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Old 01-01-08, 09:07 AM   #15
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From the article:
Quote:
Some drivers will move all the way over into another lane when passing a bicycle, which is a nice gesture but unnecessary and possibly dangerous to the driver.
I'm just wondering...is the writer trying to imply that it's safer to give a 3 foot passing distance than a full lane? How could it be dangerous to move fully into the next lane to pass a cyclist? This statement seems to be an opinion from the writer that the 3 foot passing law will discourage motorists from making "unnecessary and possibly dangerous" complete lane changes to pass cyclists.

Riding a 55mph road on a regular basis, I have been passed by full size tractor trailers traveling near the speed limit, probably at about 3 feet, and that is a little too close for comfort, especially if I'm riding into the usual 15mph or so headwind. I really like the wording of the actual law, but I hope the message given to the general public doesn't get dumbed down to the point where people only get the "3 foot passing distance" part of it and not the "safe distance" part.
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Old 01-01-08, 10:16 AM   #16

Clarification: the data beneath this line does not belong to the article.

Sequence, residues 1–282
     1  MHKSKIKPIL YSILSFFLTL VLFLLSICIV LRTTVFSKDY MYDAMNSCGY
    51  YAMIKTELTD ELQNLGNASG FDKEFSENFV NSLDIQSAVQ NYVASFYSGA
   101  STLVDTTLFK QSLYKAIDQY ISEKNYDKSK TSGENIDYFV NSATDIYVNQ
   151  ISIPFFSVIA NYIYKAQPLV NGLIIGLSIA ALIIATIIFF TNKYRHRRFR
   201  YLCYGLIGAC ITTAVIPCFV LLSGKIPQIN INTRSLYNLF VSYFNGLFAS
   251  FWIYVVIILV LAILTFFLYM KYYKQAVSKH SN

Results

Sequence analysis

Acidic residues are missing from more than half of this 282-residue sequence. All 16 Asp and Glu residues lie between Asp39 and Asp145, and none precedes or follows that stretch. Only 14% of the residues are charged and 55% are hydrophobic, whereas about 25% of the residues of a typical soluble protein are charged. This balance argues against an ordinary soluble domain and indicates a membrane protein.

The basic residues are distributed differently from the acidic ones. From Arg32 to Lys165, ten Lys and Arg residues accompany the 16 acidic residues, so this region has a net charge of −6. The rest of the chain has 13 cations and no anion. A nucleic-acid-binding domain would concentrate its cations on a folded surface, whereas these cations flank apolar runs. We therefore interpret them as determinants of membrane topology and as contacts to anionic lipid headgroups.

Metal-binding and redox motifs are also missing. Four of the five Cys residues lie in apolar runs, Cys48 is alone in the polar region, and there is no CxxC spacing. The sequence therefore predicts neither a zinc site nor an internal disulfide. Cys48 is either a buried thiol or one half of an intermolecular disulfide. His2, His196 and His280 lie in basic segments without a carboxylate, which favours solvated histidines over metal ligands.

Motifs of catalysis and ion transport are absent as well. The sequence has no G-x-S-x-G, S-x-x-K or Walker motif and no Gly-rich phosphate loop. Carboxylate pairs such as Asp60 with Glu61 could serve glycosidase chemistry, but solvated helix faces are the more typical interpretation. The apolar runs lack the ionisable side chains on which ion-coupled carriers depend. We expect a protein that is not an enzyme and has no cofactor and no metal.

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From the article: I'm just wondering...is the writer trying to imply that it's safer to give a 3 foot passing distance than a full lane? How could it be dangerous to move fully into the next lane to pass a cyclist? This statement seems to be an opinion from the writer that the 3 foot passing law will discourage motorists from making "unnecessary and possibly dangerous" complete lane changes to pass cyclists.

Riding a 55mph road on a regular basis, I have been passed by full size tractor trailers traveling near the speed limit, probably at about 3 feet, and that is a little too close for comfort, especially if I'm riding into the usual 15mph or so headwind. I really like the wording of the actual law, but I hope the message given to the general public doesn't get dumbed down to the point where people only get the "3 foot passing distance" part of it and not the "safe distance" part.
Exactly my point. I didn't read the article otherwise I probably would have caught the same statement. As you have stated, that's completely the opposite attitude that motorists need to have. It's just as important to not have motorists thinking that way on a 2 lane road as it is on a 4 lane road.
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Old 01-01-08, 05:10 PM   #17
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While this is a good thing, let's not get too excited. Without proper driver training and police enforcement, it really means next to nothing.

Az

They have that law in Fl, too.
Insert 500 roflmao smilies -----here-----.


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Old 01-01-08, 05:22 PM   #18